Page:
Where is the American policy heading towards Iran?
While Hossein Amir-Abdollahian’s appointment as foreign minister is expected to be approved by Iran’s parliament, stalled negotiations to restore the Iran nuclear deal could finally get back on track. While it is not yet clear whether the Foreign Ministry or the Supreme National Security Council will oversee the nuclear dossier, the Iranian team has now taken shape and is largely united. However, to balance hopes for recovery, there are fears that Iran’s new government is unwilling to make the necessary compromises to restore the largely lapsed agreement known as the Joint Comprehensive Plan of Action (JCPOA). The most optimistic reading at this point is that Tehran is still considering its options.
On the positive side, shortly before taking office on August 5, newly elected President Ebrahim Raisi pledged to “seek to lift the tyrannical sanctions imposed by America”. Such a thing cannot happen without a negotiated agreement involving Washington. As a presidential candidate, Raisi has expressed his commitment to the JCPOA, and a senior EU official reported on August 7 that Iran wants to return to the negotiating table “as soon as possible.” While Iran’s economy has been helped by the gradual increase in oil exports, largely clandestinely, pressures from the alarming COVID-19 crisis and drought-related protests prompt a deal with United States. could happen.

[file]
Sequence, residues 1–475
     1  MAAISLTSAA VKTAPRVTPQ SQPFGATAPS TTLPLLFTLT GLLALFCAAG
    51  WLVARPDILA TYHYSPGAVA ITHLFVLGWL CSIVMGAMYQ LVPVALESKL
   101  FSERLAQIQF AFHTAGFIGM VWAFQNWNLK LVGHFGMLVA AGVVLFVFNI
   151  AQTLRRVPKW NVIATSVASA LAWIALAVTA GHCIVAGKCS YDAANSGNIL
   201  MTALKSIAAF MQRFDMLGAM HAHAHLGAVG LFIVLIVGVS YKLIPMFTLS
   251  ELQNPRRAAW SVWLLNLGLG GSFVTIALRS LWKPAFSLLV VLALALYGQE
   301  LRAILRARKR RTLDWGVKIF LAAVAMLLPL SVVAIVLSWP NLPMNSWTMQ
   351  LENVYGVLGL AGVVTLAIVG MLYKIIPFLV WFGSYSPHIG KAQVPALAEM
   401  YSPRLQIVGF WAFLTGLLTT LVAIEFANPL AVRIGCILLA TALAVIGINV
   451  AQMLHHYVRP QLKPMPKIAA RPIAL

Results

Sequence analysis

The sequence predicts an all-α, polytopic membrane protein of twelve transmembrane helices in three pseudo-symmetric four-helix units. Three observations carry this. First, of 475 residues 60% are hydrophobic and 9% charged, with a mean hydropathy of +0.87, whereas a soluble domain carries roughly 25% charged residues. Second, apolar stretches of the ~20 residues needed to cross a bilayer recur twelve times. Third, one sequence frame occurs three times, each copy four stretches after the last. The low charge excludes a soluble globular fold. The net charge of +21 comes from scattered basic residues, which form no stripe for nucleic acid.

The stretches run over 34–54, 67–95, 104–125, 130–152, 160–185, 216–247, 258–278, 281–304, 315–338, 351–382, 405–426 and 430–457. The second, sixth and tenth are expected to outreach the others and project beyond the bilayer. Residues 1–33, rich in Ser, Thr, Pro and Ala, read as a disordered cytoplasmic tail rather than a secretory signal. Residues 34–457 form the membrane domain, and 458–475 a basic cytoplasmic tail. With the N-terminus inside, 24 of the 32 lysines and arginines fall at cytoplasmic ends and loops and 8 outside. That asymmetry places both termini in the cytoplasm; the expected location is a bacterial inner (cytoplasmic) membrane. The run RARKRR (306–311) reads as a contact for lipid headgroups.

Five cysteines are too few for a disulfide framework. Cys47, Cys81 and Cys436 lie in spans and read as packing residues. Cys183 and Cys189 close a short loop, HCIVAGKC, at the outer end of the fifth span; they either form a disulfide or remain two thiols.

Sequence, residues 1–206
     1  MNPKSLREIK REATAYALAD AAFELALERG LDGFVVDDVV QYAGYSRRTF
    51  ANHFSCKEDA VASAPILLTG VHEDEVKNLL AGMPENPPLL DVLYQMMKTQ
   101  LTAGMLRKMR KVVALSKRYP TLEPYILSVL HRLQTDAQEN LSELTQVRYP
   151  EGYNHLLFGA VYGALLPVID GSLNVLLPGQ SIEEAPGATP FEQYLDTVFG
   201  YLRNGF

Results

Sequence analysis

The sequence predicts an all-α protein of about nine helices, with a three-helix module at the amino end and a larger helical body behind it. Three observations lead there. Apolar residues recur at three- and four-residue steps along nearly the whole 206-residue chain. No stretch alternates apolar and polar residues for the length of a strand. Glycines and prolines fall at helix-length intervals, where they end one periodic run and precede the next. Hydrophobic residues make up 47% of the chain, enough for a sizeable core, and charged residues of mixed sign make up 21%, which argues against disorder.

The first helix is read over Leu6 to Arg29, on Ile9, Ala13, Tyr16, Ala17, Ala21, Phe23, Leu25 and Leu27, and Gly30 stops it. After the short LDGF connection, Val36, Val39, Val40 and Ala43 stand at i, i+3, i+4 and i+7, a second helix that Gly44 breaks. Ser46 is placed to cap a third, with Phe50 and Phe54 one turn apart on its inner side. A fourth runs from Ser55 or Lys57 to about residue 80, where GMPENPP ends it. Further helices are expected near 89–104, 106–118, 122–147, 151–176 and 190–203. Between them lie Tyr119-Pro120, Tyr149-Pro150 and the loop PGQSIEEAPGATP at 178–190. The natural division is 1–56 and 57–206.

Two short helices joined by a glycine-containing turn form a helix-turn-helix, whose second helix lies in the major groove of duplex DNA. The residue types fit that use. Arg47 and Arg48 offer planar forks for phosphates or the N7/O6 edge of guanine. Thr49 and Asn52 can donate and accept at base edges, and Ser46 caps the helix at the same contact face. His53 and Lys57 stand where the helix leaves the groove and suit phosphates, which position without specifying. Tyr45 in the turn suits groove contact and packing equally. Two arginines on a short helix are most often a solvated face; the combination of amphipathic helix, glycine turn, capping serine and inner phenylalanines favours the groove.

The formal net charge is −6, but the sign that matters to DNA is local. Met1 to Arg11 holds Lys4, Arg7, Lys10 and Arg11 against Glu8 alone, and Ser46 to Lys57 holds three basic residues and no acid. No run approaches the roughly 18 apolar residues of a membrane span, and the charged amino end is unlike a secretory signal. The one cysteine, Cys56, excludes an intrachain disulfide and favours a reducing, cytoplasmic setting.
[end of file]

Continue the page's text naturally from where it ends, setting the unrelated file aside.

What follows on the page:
But how long will Raisi wait and what posture will his team adopt? Predictions that Iran would be much more assertive were born before he even took office. On July 13, the US Department of Justice charged four Iranians with conspiring to kidnap exiled Iranian journalist Masih Alinejad, based in New York. On July 29, Iran reportedly attacked the Israeli-connected oil tanker Mercer Street with explosive drones, killing two crew members from the United Kingdom and Romania. On August 2, as it approached the Strait of Hormuz, the tanker MV Asphalt Princess was temporarily seized by hijackers who reportedly ordered it to sail to Iran. On the same day, at least four other vessels off the United Arab Emirates lost steering control in what were also suspected to be hijacking attempts at the hands of the Iranian military or its proxy forces. While maintaining plausible deniability regarding these incidents, Iran sees value in repelling attacks on its economy and infrastructure.
Regarding talks to reinstate the JCPOA, in a July 12 report to Parliament, outgoing Foreign Minister Mohammad Javad Zarif outlined the deal that is there for the conclusion, should Iran adjust its demands. Two weeks later, Supreme Leader Ayatollah Ali Khamenei indicated that he disagreed, insisting that Tehran would not accept what he called “stubborn” demands for Washington. His demand for guarantees that the United States would no longer withdraw from a reinstated deal fails to understand that President Joe Biden cannot commit his successor to such a promise. Iran’s related request to eliminate the sanctions stimulus mechanism would undo a key part of the 2015 deal, negating the agreed goal of reinstating the JCPOA. Meanwhile, Iran shows no sign of compromising on the demands that have prevented a deal in six rounds of talks this spring: that the United States lift the nearly 1,500 sanctions introduced by former President Donald Trump and that Iran does not commit to engaging in follow-up actions. missile talks and its support for regional militias.